Janet and I brought our son Tim to Bath last week for the start of his second year. We drove to Sainsbury’s to do some shopping.
Like they do in Otley, Sainsbury’s have a camera which records your car’s number plate as you enter the store’s car park. You have 90 minutes allowed before you become liable to a fine for staying too long.
We were in a queue of cars moving very slowly. I let the car ahead drive on and watched its number plate appear on the screen overhead. Once it was through I accelerated a bit so that I passed quickly past the camera’s view. Our car’s number plate did not show on the screen. We watched the car behind us pass through and its number appeared as normal. We had got through undetected!
I’m not telling you this so you can try it out on the camera as you enter the Otley Sainsbury’s! It made me think about getting in under the radar. About doing something and not being noticed.
At the time I was thinking about the sermon for last Sunday from Mark 9. The disciples are travelling with Jesus and arguing about who is the greatest among them. They must have been confident he was out of earshot. I imagine it was a rolling conversation – a recurring thread in many conversations throughout the day, with plenty of banter. At the end of the day in Peter’s house, there is silence as Jesus asks them what they were discussing on the road. But of course he knows. He always seems to know.
A favourite Psalm which I often reflect on is Psalm 139 which begins:
“You have searched me, Lord, and you know me.”
The psalm speaks of God’s intimate knowledge of each one of us from the moment of our conception, and every moment of every day. So verse 2:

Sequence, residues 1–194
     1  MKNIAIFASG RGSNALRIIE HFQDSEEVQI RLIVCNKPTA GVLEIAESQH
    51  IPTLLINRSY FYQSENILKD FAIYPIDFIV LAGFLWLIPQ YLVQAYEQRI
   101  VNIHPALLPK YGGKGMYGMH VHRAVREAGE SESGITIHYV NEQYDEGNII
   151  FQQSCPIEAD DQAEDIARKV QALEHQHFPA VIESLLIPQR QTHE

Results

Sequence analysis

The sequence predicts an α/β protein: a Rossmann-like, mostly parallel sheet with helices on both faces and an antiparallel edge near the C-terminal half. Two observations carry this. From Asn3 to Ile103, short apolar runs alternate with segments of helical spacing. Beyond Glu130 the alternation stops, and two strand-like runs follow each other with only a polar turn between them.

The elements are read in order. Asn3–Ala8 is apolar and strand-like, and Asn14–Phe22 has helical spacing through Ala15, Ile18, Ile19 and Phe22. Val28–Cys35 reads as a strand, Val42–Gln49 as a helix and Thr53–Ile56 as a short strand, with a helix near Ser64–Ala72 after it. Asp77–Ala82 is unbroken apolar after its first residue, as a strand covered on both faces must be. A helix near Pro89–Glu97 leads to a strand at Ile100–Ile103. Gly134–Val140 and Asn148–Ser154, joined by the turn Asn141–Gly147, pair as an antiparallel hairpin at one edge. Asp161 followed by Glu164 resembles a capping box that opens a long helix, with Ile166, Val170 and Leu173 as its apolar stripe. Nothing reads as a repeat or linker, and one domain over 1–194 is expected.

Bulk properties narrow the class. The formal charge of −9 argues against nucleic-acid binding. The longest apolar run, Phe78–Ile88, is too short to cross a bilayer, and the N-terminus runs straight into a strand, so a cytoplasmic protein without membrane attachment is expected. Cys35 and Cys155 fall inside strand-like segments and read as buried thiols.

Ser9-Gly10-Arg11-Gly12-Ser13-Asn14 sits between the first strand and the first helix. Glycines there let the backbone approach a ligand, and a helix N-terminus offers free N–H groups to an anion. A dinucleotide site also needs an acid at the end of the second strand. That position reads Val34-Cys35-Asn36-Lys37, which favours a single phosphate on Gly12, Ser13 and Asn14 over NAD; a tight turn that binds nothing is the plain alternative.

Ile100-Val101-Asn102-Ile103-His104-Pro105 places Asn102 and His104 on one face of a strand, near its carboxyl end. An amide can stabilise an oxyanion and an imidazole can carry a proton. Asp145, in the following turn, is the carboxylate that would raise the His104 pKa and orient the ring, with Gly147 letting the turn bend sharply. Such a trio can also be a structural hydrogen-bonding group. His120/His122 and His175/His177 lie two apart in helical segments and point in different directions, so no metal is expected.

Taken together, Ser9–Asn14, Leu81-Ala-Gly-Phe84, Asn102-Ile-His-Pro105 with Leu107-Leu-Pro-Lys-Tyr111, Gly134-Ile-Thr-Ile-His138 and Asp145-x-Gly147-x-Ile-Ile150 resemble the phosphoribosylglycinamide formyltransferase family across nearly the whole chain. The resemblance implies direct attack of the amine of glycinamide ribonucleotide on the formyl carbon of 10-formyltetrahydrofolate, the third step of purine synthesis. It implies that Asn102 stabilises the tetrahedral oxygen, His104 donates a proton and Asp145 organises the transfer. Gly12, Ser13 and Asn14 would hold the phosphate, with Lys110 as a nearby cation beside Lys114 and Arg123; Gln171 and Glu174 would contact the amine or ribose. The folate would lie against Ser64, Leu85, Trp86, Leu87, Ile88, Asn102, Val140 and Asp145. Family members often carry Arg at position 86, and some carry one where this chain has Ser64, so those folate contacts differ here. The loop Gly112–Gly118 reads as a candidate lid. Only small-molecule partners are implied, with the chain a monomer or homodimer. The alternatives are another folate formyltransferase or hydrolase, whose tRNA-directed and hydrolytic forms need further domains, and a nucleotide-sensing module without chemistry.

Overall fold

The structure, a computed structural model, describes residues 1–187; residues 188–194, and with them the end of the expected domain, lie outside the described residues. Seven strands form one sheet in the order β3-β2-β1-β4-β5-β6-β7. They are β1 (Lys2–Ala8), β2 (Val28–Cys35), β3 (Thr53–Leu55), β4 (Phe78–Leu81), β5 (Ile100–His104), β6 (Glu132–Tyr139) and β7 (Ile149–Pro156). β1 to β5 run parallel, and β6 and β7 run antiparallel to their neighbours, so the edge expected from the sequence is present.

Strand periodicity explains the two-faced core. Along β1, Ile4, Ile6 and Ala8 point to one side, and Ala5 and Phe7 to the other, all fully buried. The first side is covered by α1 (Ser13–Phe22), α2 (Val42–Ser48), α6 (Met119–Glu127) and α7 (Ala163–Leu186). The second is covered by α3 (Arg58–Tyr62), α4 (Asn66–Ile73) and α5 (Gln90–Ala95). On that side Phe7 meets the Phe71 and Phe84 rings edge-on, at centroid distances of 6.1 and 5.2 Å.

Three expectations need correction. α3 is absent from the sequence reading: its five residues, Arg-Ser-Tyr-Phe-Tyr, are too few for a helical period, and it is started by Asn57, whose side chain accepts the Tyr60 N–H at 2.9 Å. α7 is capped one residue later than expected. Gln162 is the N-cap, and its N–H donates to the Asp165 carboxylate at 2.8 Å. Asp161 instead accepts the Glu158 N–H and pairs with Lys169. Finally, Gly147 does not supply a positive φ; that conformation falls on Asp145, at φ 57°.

“You know when I sit and when I rise;
you perceive my thoughts from afar.”
There’s no getting under God’s radar. And that’s a bit scary. So verse 7:
“Where can I go from your Spirit?
Where can I flee from your presence?”
But God is love. He may be grieved by our behaviour, but Jesus shows us how extraordinarily patient and kind he is. Instead of condemning the disciples, Jesus teaches them a better way: the one who would be first (the greatest) must be the servant of all. He puts a small child in their midst as an example of those they must particularly serve – the ones society considers least important and who cannot repay or reward them.
Two things particularly help us to live with the fact that we can never do anything under the radar with God. The first and most important is that God knows us and loves us. There is nothing we can say or do to make God love us any less.
The second is to learn to love ourselves ‘warts and all’, the way God loves us. This enables an honest humility about the fact that we frequently ‘get it wrong’. Which in turn enables us to stop our anxious self-justification or denial and accept correction. And in this way we allow God to help us grow and gradually become more fully the people he intends us to be.